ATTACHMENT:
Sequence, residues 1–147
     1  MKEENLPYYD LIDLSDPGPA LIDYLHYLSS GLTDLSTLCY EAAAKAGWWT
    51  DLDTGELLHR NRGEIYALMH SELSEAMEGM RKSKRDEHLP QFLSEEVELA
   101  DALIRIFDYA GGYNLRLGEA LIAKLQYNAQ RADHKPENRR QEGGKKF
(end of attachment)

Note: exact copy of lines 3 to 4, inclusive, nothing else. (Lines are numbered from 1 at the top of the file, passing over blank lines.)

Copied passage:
    51  DLDTGELLHR NRGEIYALMH SELSEAMEGM RKSKRDEHLP QFLSEEVELA
   101  DALIRIFDYA GGYNLRLGEA LIAKLQYNAQ RADHKPENRR QEGGKKF